Photographer Tom Wooden on 50 years of Irish Work

Tom Wood’s new book is bringing together his photographs of Ireland. He talks to us about learning about photography from old family albums and finding the necessary distance to revisit older work

“Sometimes I go to Ireland just to photograph, but it wouldn’t have been the same if I didn’t have family there, you know? That was always really important to it,” says photographer Tom Wood. “The fact I don’t drive meant that I tend to stay generally mostly around the farm. It’s kind of limited me but it makes for a different kind of picture than going to the obvious places that you ‘should’ photograph really.”

His new book, plainly titled Irish Work, brings together almost 50 years of images made in his home country, between 1972 and 2019. The book is varied and unconstrained, but still captures what people have come to know and love about Wood’s work over the years, whether the formal elements such as his potent colour palettes, or simply the feeling that he’s getting in amongst it. “During that period in Ireland I was doing all those other projects, so whatever things I was learning from those was coming into whatever I did in Ireland that year,” he says.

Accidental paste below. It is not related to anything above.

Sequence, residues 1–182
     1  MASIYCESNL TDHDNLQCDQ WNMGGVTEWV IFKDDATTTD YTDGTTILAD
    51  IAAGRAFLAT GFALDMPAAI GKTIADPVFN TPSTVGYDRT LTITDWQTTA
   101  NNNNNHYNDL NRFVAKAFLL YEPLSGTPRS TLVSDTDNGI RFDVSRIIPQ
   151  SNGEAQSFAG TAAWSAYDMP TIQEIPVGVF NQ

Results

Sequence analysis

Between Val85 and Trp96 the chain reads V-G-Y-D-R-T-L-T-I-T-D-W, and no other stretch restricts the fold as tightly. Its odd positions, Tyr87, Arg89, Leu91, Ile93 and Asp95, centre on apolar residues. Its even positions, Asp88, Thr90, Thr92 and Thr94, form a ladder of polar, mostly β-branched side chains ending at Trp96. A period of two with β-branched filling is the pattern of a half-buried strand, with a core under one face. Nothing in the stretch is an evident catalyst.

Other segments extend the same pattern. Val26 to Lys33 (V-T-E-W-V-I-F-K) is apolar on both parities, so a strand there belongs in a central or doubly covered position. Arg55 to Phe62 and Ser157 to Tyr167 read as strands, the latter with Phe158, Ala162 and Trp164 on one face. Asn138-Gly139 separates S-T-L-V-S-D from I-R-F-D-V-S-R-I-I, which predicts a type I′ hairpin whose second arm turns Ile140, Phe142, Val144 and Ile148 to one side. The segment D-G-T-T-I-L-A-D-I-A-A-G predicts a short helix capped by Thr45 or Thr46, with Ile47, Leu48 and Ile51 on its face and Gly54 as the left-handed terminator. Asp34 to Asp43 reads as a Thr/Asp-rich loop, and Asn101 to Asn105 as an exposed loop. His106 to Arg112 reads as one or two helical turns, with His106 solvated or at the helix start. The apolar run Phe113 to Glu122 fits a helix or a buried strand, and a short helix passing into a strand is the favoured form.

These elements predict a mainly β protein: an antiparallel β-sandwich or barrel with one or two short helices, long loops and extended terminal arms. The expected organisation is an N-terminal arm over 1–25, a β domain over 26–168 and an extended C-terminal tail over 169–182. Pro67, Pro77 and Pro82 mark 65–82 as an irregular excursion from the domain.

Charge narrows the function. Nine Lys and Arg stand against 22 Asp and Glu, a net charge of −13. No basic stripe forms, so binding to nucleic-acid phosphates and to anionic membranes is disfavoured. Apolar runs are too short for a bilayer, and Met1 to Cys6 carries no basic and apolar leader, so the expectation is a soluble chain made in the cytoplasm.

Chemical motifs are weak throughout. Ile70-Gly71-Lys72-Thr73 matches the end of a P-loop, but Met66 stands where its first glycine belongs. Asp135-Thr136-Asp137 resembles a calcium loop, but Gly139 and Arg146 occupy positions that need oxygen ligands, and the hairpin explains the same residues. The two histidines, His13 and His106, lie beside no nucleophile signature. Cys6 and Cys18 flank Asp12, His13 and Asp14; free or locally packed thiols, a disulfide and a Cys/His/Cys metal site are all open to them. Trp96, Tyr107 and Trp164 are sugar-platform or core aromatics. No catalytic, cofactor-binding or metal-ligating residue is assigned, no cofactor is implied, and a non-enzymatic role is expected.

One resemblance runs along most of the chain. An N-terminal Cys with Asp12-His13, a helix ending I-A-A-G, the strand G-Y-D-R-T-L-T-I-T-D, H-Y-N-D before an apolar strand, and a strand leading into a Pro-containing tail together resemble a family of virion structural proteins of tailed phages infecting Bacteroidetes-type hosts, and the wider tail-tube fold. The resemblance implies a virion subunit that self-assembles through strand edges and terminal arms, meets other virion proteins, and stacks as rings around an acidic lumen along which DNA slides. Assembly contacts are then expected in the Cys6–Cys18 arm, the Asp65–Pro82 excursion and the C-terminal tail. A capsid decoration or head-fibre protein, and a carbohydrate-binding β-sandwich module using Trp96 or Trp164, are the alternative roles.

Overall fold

Wood was born in Country Mayo in Ireland to a Catholic mother and Protestant father, before moving to Merseyside, where his best known work – of discos and pubs, and life on the buses and in the street – was made. “That was really lucky as well, that I ended up in Merseyside where there were so many Irish. At the women’s market on a Saturday morning, just looking at my mum, seeing some of the women’s faces – there’s a certain shared cultural sensibility, this body language. It probably helped me.”

Top: Wiring, Nephin Beg Range, 1986. Above: Plasterers on the Verge, 1987. All images © Tom Wood

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